“The suggestion that abolition would lead to substantial revenue loss is hard to accept,as HMRC have never been able to provide clear figures ontheincomegained from IR35,” the group said.

“At the very least the Treasury could have requested further consultation to determine this, and properly weigh up the revenue impact of the different options.”

Crawford Temple of Professional Passport, a freelancer compliance expert, reasoned: “The OTS was unable to identify the exact amount of revenue generated by IR35 [but] it is clear that the government feels this is significantly more than some may suggest.”

In fact according to the Budget report, wiping IR35 from the statue book would “put substantial revenue at risk” and, Mr Hesketh envisioned, would “encourage large scale non-compliance” if a substitute was not immediately introduced.

The government does indeed want to keep earning the revenue IR35 generates, SJD agreed, but owing to the nation’s limited room for financial manoeuvre - less so because removing it would trigger a spike in tax avoidance.

“The chancellor is sweeping IR35 under the carpet,” Mr Dolan said. “The reason the government is not getting rid of it is because it provides some income, not a lot, but there will still be some people who will pay up under it.

“Yet if IR35 was scrapped it doesn’t mean employees will quit; incorporate a company and then go back to work at their employer’s workplace. Employers would of course benefit from the tax differential, but they couldn’t force people to incorporate ‘en masse.’”

There was more instant recognition that the government’s choice of language, particularly in the chancellor’s speech, demonstrated a greater awareness of freelancers, flexible workers and micro businesses.

The high point was Mr Osborne’s four “economic ambitions” – including ‘to have the most competitive tax system in the G20’; ‘to be the best place in Europe to start, fund and grow a business’ and to have the “most flexible” workforce on the Continent.

And coming close to addressing creative workers, he said the government should resolve that the “country becomes a world leader” in the creative industries, as well as at least four other major sectors of the economy.

In part, this will be achieved by the government’s renewed commitment “to improve the stock of skills” in the digital, cyber security and creative fields – a move that each sector’s employers will welcome to ease shortages of specific specialisms.

Offering a further shot in the arm for the creative and digital space, the government said it would “expand ‘flexible’ advanced and higher apprenticeships which suit the freelance business models.”

These freelance models, which the government acknowledged were popular in the digital and creative sectors, will accompany a new grant for those ‘SMEs’ which provide advanced apprenticeships.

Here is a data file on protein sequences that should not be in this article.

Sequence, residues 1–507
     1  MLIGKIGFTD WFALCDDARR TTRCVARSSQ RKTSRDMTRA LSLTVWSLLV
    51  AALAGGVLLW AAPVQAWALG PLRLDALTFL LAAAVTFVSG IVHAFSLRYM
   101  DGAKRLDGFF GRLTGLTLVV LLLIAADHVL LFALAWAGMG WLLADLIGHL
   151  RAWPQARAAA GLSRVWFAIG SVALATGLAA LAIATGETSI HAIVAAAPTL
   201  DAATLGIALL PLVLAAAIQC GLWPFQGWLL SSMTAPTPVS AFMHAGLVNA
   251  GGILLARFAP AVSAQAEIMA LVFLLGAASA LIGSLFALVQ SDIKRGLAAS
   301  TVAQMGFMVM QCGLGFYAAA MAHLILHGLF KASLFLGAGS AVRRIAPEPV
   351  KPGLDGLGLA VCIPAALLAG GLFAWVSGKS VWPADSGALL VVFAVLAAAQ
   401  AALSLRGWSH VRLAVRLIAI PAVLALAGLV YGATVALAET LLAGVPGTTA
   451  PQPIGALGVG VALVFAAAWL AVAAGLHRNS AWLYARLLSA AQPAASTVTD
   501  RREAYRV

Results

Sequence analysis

These businesses, and their smaller one-person, non-employer counterparts, will also benefit from guaranteed access to superfast broadband if they locate inside a newly defined ‘enterprise zone.’

Welcome news, said a UK-based investor in start-ups and the technology sector. He reflected: “Anything that encourages businesses to move here, [whether it is corporation tax or the enterprise zones] is going to be good for the economy.”

“What we’re seeing is the coalition recognise the logic in encouraging businesses of all size to succeed, which has been woefully lacking from the previous government’s chancellors.”

For the creative sector, that recognition will have a face - the Creative Industries Council – briefed to join up the creative sectors’ individual thinking on access to finance, exports, skills, red tape and intellectual property.

IP, critical to enterprises of all sizes beyond the creative sectors, will be improved, the Budget says, by a widening of the range of products and services tailored to ‘SME’ firms.

Taken with another Budget commitment to draw up a marketing plan to promote investment in the digital and creative space, Trade Mark Direct said such IP reform “can only be good for UK enterprise.”

Similarly, the Freelancer and Contractor Services Association said the extra one penny reduction in the main rate of corporation tax clearly showed that the chancellor was backing the business community.

And although not directly beneficial to small firms, this tax incentive for companies to locate in the UK should, theoretically, create new opportunities for the local workforce, including its freelance and other temporary workers.

Confirming Britain will now have the lowest corporation tax rate in the G7, Mr Osborne declared: “Let it be heard clearly around the world – from Shanghai to Seattle, and from Stuttgart to Sao Paolo: Britain is open for Business.”

Later on, and in summing up, he enforced: “We want the words: ‘Made in Britain.’ ‘Created in Britain.’ ‘Designed in Britain.’ ‘Invented in Britain’ to drive our nation forward.”

Free of gusto and more soberly, David Gauke, exchequer Secretary to the Treasury tempered: “Being open for business does not mean being open to tax avoidance.

“We are committed to creating the right tax environment for business and individuals, which encourages enterprise and minimises red tape.

“In return we expect everyone to pay their fair share. And where we see tax avoidance, we will crack down on it. That’s particularly important at a time when the government has had to make tough choices elsewhere.”